In a biblical worldview, good deeds are neither random nor emotion-driven. Good deeds are personal and intentional. They represent the outward expression of an inward transformation driven by clear biblical instruction and reinforced by the inward conviction of the Holy Spirit. And, yes, that kind of “doing good” for the right reasons can also make us “feel good” about doing the right thing for the right reason. For the Christian, our worldview sustains us in doing good during those times when doing good is the harder choice and the more difficult path. We are commanded to do good to all men (see Galatians 6:10). It’s important to point out that this is a command, not a pay-it-forward suggestion. We are expected to forgive others in the same way that we have been forgiven (i.e., unconditionally, Ephesians 4:32). We are encouraged to not give up in doing good, even when we are weary in the doing (2 Thessalonians 3:13; Galatians 6:9). And we are reminded that there are eternal consequences for our obedience (or disobedience) in doing good (Matthew 25:31ff). We are not “altruists” who engage in good-for-good-sake without any clear definition of what constitutes good. We are “disciples of the Kingdom” who do good-for-God’s-sake toward people created in His image, and who are objects of His redemptive love.
A Genuine Movement Kindness And Good Deeds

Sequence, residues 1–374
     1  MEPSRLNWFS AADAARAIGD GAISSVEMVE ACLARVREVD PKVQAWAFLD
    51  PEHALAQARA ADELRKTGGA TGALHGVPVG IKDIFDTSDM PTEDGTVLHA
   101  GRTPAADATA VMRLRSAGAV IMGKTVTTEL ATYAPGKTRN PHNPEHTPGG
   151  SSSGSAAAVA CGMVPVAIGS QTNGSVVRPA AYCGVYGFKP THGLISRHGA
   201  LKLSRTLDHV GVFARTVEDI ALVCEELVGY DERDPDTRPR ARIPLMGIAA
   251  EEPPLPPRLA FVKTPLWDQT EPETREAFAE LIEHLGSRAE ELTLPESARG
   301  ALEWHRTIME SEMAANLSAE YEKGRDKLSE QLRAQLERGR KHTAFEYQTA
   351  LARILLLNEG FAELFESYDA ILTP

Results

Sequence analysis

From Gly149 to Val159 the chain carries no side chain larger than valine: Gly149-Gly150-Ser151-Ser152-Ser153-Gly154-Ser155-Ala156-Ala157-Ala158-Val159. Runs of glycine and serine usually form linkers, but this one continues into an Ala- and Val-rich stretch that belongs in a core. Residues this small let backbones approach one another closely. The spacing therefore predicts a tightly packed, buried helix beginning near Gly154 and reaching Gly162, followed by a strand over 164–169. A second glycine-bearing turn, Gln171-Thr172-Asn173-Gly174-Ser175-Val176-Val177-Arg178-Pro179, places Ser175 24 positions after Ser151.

“. . . love your enemies, and do good, and lend, expecting nothing in return, and your reward will be great, and you will be sons of the Most High, for he is kind to the ungrateful and the evil. Be merciful, even as your Father is merciful.” (Luke 6:35-36)
On various occasions, I have written about the idea of a “conspiracy” of kindness and good deeds. Our English word “conspire” comes from the Latin meaning “to breathe together.” It suggests both intentionality and unity of purpose. It also suggests a degree of thoughtfulness that goes beyond random acts of kindness and simply “paying it forward.” A conspiracy suggests an intentional, thoughtful movement with a unity of purpose. Like yeast in bread, such a movement grows in secret. Like a mustard seed (among the tiniest of seeds), such a movement may start small, but its small beginning hides its true size and significance.
I believe it’s time to embrace a genuine, thoughtful, and biblical conspiracy; a movement which reveals itself in an intentional lifestyle of kindness and good deeds; a movement which reflects the goodness of God and the values of His Kingdom; a movement of both inward and outward good. It both LOOKS good outwardly (it is outwardly appealing) and IS good intrinsically (it rests on a firm moral and spiritual foundation). It mirrors both the intrinsic goodness of God and the outward beauty of His holiness. It reflects the kindness and graciousness of God while embodying His mercy and compassion toward those in need. It is a movement to intentionally and thoughtfully demonstrate what it means to love God with all our heart, soul, mind and strength, and to love our neighbor as ourselves. Welcome to the movement. Not it’s your turn to get involved, do good and make a difference.